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Letter: Authoritarian culture doesn’t help teens

Utah doesn’t merely have a teen reform school problem. It has an underlying parenting problem that supports it, and is probably intractable.

Who has not watched the iconic pop culture movie “Footloose” (1984) and not realized what an apt picture of Utah parenting culture it represents? Set in the Wasatch Front, it is the story of teens oppressed by an excessively authoritarian culture, fighting for the need to develop, inquire and express themselves on their own terms. In the movie they succeed, which is where the story turns left.

In Utah 40 years later, the struggle still rages unresolved, with obvious markers: one of the highest rates of teen suicide in the nation; the lowest education investment in the nation; open subversion of laws intended to prevent brainwashing.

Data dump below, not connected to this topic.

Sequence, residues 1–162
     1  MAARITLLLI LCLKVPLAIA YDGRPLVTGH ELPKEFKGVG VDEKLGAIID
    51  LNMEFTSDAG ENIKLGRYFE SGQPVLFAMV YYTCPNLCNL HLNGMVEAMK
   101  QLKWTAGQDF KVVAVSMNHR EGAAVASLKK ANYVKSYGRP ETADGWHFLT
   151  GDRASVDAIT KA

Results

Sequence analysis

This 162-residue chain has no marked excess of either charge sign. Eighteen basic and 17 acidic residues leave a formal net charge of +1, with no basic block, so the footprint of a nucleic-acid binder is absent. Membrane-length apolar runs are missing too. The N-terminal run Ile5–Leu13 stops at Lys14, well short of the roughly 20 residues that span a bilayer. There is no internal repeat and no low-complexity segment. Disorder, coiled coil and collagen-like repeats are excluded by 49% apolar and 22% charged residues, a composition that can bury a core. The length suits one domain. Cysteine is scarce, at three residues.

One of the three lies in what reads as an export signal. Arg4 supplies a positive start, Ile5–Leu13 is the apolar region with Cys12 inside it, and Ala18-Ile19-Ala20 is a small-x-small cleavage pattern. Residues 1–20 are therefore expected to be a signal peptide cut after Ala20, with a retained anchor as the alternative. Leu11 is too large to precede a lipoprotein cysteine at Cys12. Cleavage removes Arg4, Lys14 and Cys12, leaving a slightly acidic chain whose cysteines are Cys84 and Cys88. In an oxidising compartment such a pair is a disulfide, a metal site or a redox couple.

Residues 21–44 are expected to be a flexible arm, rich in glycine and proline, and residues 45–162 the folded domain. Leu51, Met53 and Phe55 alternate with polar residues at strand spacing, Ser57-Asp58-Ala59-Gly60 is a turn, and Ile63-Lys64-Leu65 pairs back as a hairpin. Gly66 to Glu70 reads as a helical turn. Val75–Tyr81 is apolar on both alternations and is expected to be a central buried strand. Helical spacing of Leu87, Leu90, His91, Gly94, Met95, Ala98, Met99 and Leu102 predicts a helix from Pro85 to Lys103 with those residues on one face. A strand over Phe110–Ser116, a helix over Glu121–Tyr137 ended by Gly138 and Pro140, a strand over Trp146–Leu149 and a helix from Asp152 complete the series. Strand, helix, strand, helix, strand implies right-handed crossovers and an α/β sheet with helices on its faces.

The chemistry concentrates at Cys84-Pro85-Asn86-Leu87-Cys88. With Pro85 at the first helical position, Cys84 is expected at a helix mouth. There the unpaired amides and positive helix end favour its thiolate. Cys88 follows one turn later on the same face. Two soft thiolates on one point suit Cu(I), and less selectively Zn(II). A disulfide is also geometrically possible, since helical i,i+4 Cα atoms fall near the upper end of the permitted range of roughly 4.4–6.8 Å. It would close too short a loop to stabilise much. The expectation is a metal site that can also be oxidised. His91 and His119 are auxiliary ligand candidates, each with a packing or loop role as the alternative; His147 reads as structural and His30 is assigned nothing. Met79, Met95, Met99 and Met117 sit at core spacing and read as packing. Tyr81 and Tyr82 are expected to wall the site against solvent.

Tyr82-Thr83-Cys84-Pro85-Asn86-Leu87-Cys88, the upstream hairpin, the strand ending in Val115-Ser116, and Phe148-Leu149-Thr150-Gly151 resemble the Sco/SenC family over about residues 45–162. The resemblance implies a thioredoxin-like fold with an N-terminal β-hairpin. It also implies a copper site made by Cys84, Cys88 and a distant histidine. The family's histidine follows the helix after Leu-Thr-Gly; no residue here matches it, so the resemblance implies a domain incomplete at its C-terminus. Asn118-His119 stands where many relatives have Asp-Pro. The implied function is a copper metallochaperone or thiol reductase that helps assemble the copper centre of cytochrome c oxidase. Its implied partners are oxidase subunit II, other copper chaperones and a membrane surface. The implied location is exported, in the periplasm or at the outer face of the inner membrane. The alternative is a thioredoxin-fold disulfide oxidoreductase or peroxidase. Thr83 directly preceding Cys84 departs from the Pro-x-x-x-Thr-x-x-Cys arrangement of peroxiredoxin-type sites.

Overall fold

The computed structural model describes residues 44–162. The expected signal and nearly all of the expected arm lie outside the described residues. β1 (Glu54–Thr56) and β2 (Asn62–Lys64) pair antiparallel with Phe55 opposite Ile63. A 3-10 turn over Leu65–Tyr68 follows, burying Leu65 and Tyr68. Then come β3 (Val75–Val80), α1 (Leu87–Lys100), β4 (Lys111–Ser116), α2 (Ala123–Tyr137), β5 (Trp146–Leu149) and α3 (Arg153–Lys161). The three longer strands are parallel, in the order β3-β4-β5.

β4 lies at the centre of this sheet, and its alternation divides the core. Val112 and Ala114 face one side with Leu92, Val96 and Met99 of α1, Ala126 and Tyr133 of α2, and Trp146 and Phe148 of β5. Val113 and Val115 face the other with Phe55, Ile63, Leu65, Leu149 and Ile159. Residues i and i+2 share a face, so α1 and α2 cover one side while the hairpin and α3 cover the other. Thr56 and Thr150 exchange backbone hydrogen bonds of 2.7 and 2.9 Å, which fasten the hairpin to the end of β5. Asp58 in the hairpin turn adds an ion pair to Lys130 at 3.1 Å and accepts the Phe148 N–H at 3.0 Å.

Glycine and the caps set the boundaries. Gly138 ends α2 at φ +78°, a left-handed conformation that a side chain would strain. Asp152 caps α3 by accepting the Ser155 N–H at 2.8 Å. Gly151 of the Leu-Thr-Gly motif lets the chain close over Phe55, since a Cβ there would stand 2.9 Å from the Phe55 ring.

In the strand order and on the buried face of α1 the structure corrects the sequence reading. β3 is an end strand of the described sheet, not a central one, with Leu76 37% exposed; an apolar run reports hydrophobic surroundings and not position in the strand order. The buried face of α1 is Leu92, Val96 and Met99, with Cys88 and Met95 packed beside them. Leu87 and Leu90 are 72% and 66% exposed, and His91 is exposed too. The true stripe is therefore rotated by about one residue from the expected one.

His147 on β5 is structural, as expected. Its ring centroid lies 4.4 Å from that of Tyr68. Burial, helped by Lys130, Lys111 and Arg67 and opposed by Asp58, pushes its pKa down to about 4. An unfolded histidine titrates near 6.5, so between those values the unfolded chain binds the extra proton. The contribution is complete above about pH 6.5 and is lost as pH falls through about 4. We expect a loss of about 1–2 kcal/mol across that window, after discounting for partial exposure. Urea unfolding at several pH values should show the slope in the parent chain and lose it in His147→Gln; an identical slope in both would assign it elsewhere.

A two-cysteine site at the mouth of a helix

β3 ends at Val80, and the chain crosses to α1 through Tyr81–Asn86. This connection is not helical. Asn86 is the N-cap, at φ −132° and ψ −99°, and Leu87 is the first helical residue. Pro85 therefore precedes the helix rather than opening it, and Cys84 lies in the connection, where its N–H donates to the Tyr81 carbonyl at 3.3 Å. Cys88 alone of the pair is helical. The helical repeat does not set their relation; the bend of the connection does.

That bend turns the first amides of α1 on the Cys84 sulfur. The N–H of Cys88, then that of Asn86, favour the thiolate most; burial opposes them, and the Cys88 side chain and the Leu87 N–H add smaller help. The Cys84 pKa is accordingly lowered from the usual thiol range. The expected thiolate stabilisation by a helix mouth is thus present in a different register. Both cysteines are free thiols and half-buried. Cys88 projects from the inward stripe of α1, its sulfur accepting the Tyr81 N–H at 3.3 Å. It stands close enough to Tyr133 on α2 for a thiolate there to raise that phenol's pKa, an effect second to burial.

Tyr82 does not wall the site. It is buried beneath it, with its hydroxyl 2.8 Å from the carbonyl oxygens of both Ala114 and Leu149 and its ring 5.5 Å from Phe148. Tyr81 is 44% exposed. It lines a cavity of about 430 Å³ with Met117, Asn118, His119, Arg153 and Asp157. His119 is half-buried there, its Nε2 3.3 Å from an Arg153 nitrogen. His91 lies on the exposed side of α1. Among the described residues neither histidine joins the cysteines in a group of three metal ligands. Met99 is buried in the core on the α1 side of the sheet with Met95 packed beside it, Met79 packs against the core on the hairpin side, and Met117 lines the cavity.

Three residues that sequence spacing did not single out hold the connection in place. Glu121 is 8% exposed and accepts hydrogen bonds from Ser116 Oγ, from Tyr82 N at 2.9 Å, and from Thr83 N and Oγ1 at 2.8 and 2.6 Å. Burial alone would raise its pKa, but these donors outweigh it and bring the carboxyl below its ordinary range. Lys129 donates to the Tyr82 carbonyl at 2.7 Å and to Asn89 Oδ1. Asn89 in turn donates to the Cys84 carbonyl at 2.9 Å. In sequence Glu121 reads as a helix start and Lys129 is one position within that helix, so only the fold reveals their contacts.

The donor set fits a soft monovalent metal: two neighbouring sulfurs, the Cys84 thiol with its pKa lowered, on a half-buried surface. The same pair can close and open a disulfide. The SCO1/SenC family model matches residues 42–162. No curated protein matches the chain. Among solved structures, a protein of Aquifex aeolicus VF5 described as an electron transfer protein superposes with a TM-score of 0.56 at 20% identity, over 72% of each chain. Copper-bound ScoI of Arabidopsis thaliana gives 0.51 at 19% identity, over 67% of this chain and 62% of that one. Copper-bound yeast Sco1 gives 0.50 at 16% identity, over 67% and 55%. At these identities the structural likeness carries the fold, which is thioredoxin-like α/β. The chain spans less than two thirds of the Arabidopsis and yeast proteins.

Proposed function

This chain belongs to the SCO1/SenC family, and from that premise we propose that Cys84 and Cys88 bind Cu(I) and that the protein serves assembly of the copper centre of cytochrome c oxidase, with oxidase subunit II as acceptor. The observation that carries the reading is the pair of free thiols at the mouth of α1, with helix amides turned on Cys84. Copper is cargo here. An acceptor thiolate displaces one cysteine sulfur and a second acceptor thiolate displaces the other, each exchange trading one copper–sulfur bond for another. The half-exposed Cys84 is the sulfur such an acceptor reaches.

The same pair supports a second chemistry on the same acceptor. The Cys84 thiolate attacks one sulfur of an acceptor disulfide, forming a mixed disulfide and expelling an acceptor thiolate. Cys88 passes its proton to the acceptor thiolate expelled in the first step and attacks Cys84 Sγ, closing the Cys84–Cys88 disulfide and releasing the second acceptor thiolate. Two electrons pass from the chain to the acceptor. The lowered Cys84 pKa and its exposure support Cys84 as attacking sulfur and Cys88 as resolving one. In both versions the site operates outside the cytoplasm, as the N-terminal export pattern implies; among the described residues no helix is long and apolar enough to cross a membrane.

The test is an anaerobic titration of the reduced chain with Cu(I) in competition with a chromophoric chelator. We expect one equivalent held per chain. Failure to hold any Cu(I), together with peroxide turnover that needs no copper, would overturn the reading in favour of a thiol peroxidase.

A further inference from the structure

“Wild generalizations,” I can hear you saying right now. Generalizations, yes, but with a core of truth. Utah culture regards its teens as an indoctrinable sales-force-in-training for its ideology.

This happens everywhere in the world, of course, but when there is a higher concentration of these cultural attributes, it becomes a resource and a business model. When you need theories, staff and ephemeral oversight to abuse and punish teens into submission — not a problem.

Changing these embedded cultural characteristics is only possible on generational scales. The most effective way to protect teens in the short term is to starve the private reform schools that abuse them. Mental health communities need to spread the word far and wide that a teen sent to a Utah institution risks becoming an abused, damaged, lifelong enemy of adulthood.

Tom Horton, Park City

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